Un­der­stand­ing Elaine

Northwest Arkansas Democrat-Gazette - - VOICES - Rex Nel­son Se­nior Edi­tor Rex Nel­son’s col­umn ap­pears reg­u­larly in the Arkansas Demo­crat-Gazette. He’s also the au­thor of the South­ern Fried blog at rexnel­son­south­ern­fried.com.

Elaine is one of those places that’s out of sight and out of mind for most Arkansans. The small town in Phillips County has seen its pop­u­la­tion de­cline from 1,210 in 1970 to 636 in the 2010 cen­sus. This area once was part of the vast net­work of streams, swamps and bot­tom­land hard­woods that cov­ered the Arkansas Delta. For the past cen­tury, the econ­omy has been driven by row-crop agri­cul­ture.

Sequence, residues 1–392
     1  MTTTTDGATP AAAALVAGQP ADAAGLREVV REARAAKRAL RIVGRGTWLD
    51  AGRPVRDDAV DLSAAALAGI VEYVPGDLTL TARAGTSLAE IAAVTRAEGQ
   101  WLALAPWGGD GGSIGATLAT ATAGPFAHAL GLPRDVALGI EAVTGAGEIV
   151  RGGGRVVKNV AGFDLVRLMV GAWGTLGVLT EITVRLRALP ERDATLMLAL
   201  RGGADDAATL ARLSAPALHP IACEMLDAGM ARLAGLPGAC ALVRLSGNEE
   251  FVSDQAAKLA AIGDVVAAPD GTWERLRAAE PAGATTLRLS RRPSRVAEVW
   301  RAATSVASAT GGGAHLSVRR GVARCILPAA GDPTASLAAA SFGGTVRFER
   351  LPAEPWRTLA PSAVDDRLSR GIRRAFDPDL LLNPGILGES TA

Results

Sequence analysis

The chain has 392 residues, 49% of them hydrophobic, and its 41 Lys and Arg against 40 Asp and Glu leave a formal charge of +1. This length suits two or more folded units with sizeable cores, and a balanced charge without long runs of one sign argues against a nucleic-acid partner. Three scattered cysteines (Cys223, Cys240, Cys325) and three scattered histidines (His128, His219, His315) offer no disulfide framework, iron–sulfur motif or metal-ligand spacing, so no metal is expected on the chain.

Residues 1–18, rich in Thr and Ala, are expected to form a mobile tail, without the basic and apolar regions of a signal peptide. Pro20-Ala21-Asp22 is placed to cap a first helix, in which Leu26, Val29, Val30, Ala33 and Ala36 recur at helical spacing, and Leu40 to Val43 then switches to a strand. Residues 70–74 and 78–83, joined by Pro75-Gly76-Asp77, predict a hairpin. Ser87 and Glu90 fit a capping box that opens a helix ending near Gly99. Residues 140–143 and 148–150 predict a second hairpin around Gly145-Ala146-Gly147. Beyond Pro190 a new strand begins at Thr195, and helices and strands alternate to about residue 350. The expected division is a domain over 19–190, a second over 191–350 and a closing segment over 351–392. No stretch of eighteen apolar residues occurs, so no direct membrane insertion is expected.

“When Arkansas be­came a state in 1836, the area of present-day Elaine was still swamp­land,” Steven Teske writes in the En­cy­clo­pe­dia of Arkansas His­tory & Cul­ture. “It was des­ig­nated as such by the Swamp and Over­flow Act, passed by the U.S. Congress in 1850. Si­las Craig and John Martin pur­chased Phillips County land from the state of Arkansas un­der the pro­vi­sions of that act, and the land passed through sev­eral own­ers—in­clud­ing the state of Arkansas a sec­ond time due to un­paid taxes—but was only slightly de­vel­oped. …